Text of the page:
A sustainable future of the coastal environment is severely at risk since the coasts are deteriorating and human dependence on coastal space and resources continues to increase. Seeking solutions for coastal development is challenging. Problems of flood control, nature restoration and spatial development are complex, cover multiple interests of for instance economic growth and nature preservation and include large knowledge uncertainties like climate change and soil subsidence. Given this complex reality, the knowledge of researchers is not sufficient to respond to complex coastal problems. Instead, knowledge should be developed in interaction between researchers, policy makers and other societal actors. The objective of this PhD thesis is to explore how processes of interactive knowledge development function in coastal projects. A conceptual framework of project and knowledge arrangements is applied to analyse interactive knowledge development in coastal projects. An arrangement consists of four interrelated dimensions: actors, resources, rules and discourses. The project arrangement focuses on the overall project goals and the activities undertaken to achieve them. The knowledge arrangement conceptualises the process of interactive knowledge development for a particular solution in the project. The conceptual framework is applied in three case studies: the Texel dike reinforcement project in the Wadden Sea, the South Bay Salt Pond Restoration project in San Francisco Bay and the Marconi spatial development project in Delfzijl on the banks of the Ems estuary. Data were collected through interviews, observations of project meetings, project documents and field visits. The thesis presents eleven generic mechanisms that explain how a process of interactive knowledge development functions in the studied coastal projects. The mechanisms highlight that interactive knowledge development enhances the feasibility and public support of developed solutions. In addition, the mechanisms show that interactive knowledge development requires specific measures such as a facilitator and easily understood knowledge, to align the contributions of participating actors. Lastly, the mechanisms show that a process of interactive knowledge development consumes substantial more time than ‘basic’ research to address the concerns of participating actors. The thesis ends with recommendations for practitioners who aim to develop knowledge interactively.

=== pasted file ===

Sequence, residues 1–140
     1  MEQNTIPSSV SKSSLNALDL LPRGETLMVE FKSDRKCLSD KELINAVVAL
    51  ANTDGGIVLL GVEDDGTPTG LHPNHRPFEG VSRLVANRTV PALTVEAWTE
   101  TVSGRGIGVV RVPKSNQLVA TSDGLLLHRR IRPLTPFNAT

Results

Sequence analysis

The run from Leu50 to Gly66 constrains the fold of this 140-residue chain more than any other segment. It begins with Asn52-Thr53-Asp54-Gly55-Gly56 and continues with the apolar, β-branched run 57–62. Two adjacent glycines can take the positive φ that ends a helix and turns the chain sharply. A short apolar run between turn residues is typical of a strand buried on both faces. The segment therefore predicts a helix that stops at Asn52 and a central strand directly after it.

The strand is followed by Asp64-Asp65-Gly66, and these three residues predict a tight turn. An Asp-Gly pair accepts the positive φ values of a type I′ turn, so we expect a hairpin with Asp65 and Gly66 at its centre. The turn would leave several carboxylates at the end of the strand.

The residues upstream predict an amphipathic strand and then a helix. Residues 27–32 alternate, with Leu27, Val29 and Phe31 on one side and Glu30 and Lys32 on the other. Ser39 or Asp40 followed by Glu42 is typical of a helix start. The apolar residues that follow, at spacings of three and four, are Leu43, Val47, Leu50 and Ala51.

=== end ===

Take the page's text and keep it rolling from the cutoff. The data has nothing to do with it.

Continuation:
|Award date||17 Dec 2014|
|Place of Publication||Enschede|
|Publication status||Published - 17 Dec 2014|